Tops Markets has settled a major pension dispute that could have cost the company more than $180 million, making its path out of bankruptcy clearer.
The settlement, reached earlier this month following two days of meetings with a mediator, could end a fight that has dragged on for more than four years. The dispute has cast a cloud over Tops' finances, as well as the retirement funds of more than 600 workers at a grocery warehouse in Lancaster that the supermarket company acquired in December 2013.
While the details are still being finalized and the deal must be approved by a U.S. Bankruptcy Court judge, the settlement would resolve one of the biggest financial hurdles that Tops faces as it tries to restructure its business and emerge from bankruptcy.
For Tops, the deal frees it from an expense that could have cost it more than $100 million. The agreement means Tops no longer would be liable to pay as much as $183 million over 20 years to meet funding obligations to the Teamsters pension fund.
Instead, Tops, C&S and the Teamsters pension fund will contribute a total of $15 million that will help replace – at least in part – the pension benefits that the warehouse workers would have accumulated since the end of 2013. Those payments likely would be made into a type of retirement account.
"We are pleased to have reached an agreement in principle with the Teamsters, which will allow us to provide important benefits to Teamsters’ members," said Kathleen Romanowski, a Tops spokeswoman. "It represents an important milestone in our financial restructuring efforts."
For workers at the former C&S warehouse in Lancaster, who have not been accruing any additional pension benefits since Tops acquired the warehouse more than four years ago, the deal will provide them with a one-time payment from that $15 million funding pool, averaging about $25,000 per eligible employee, in a new retirement-type account that will be established for them.
It is likely, however, that payment will not fully reimburse the Tops warehouse workers for the additional pension benefits that they would have accumulated since the end of 2013. The Teamsters union is working on economic models to determine the best way to use those funds to offset the impact on workers, said Brian C. Dickman, the president of Teamsters Local 264, in a letter to workers.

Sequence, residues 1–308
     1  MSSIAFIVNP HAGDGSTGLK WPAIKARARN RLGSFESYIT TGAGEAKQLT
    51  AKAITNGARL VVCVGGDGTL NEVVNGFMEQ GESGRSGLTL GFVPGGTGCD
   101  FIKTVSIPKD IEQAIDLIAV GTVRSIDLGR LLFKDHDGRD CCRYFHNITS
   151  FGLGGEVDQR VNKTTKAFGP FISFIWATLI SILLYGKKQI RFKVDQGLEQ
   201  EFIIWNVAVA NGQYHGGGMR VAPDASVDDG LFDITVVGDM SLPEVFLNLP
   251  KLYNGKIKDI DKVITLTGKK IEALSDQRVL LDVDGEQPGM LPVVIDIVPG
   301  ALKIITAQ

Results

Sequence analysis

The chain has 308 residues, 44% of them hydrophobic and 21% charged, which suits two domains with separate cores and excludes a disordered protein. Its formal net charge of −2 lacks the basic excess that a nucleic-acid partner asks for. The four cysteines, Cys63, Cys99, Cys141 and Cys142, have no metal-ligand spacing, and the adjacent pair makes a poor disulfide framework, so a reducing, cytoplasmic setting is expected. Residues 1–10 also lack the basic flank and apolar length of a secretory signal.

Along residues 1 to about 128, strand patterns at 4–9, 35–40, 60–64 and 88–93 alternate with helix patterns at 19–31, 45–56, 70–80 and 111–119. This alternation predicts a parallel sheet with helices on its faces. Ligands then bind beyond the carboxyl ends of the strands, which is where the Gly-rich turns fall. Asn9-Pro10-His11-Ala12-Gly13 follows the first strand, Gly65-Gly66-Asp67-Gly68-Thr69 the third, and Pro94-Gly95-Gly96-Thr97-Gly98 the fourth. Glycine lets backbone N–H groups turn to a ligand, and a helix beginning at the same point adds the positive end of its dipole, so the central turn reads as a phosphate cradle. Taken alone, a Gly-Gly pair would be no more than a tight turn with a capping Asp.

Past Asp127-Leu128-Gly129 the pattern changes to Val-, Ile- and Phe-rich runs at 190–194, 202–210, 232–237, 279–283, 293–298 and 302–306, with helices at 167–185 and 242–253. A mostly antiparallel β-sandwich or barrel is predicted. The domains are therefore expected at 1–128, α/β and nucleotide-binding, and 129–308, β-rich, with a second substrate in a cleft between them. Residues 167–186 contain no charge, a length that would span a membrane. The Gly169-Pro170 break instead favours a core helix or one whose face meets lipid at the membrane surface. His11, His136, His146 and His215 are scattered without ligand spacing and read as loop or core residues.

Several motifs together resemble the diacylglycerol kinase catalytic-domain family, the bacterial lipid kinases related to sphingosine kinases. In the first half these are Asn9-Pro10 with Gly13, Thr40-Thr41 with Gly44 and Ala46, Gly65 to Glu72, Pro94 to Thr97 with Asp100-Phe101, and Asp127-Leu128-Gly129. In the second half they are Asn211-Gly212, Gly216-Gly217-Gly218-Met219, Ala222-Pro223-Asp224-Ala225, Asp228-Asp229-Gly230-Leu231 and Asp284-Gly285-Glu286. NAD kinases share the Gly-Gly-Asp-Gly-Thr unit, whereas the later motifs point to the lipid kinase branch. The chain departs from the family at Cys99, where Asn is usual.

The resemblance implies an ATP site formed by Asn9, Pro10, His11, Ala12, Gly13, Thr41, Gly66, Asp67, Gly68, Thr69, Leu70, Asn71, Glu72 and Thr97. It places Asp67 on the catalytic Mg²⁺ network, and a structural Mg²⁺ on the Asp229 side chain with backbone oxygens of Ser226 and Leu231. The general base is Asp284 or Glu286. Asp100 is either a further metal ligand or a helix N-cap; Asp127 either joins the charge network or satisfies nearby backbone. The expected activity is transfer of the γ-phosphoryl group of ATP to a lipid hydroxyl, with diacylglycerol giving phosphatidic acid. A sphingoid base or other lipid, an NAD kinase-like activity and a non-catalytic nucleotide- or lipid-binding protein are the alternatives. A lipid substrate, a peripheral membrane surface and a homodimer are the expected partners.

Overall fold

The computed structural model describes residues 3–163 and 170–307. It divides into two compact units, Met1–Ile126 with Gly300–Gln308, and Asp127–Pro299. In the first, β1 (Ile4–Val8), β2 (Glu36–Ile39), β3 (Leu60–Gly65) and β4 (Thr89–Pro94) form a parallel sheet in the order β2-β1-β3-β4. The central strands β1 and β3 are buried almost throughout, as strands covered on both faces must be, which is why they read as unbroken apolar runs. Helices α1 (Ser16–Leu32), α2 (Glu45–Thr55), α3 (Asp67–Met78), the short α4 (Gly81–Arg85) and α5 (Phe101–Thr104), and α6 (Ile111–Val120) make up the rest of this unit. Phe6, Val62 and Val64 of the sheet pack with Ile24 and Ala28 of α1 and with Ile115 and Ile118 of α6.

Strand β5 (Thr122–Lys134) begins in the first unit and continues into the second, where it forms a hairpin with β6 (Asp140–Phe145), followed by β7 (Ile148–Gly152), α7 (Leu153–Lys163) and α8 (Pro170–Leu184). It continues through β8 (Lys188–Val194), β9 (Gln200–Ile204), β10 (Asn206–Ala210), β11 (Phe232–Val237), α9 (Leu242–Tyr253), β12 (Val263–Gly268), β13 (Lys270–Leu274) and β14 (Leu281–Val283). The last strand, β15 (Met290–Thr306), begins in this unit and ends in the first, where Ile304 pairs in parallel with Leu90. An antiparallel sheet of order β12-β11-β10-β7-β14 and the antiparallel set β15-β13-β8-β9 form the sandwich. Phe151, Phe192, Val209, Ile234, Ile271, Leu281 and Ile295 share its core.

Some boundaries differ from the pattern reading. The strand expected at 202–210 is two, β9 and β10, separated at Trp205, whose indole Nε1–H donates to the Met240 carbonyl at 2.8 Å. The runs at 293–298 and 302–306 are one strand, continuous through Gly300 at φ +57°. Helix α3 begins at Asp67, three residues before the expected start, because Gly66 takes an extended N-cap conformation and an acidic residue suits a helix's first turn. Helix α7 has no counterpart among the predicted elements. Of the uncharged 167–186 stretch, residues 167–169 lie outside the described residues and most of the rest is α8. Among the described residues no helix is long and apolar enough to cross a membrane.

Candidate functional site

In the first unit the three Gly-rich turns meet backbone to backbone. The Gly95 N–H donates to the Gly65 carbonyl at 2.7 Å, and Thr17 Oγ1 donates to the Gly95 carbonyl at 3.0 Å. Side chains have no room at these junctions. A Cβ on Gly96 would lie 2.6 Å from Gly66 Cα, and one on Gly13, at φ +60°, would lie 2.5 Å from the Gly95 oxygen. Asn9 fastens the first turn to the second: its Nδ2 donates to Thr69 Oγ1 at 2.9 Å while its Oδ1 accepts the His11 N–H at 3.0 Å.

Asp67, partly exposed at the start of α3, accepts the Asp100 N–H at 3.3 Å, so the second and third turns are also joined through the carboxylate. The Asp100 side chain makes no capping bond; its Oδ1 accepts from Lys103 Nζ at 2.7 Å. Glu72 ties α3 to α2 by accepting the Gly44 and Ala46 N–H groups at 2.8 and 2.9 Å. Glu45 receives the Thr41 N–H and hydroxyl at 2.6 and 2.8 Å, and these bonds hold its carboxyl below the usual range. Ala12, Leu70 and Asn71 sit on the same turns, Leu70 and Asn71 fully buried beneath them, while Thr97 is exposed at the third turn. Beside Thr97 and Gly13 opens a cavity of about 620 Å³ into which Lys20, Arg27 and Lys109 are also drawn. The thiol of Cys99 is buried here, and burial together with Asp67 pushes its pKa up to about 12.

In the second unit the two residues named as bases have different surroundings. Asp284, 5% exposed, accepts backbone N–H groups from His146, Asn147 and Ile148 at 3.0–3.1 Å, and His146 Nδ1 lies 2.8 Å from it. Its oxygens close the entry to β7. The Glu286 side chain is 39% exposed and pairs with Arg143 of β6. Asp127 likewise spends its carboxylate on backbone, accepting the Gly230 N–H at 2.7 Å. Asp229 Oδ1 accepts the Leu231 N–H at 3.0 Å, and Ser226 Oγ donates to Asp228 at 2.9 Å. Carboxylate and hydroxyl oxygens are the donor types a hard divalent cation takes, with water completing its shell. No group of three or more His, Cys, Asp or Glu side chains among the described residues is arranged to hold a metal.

For the Teamsters pension fund, which is underfunded, the settlement will shore up its finances by providing it with a cash infusion through the payment of the withdrawal liability that had been in dispute.
That obligation, valued at nearly $95 million in today's dollars, will be paid by the warehouse's former owner, C&S Wholesale Grocers, which supplies Tops with about two-thirds of its merchandise. Because Tops already has paid $29 million toward that liability since the end of 2016, C&S will pay about $65 million to cover the rest of the money owed to the pension fund.
The pension deal was struck between Tops and Teamsters Local 264, which represents workers at the Lancaster warehouse, as well as the Teamster pension fund and C&S. The agreement is expected to be considered by the Bankruptcy Court during a hearing on June 21.
The settlement, however, does not resolve a separate financial hurdle involving an underfunded pension fund for workers represented by the United Food and Commercial Workers Union Local One. That fund, which covers the vast majority of Tops' unionized workers, is underfunded by more than $380 million. Tops has told UFCW officials it wants to reduce its payments to that pension fund by two-thirds as part of its bankruptcy restructuring.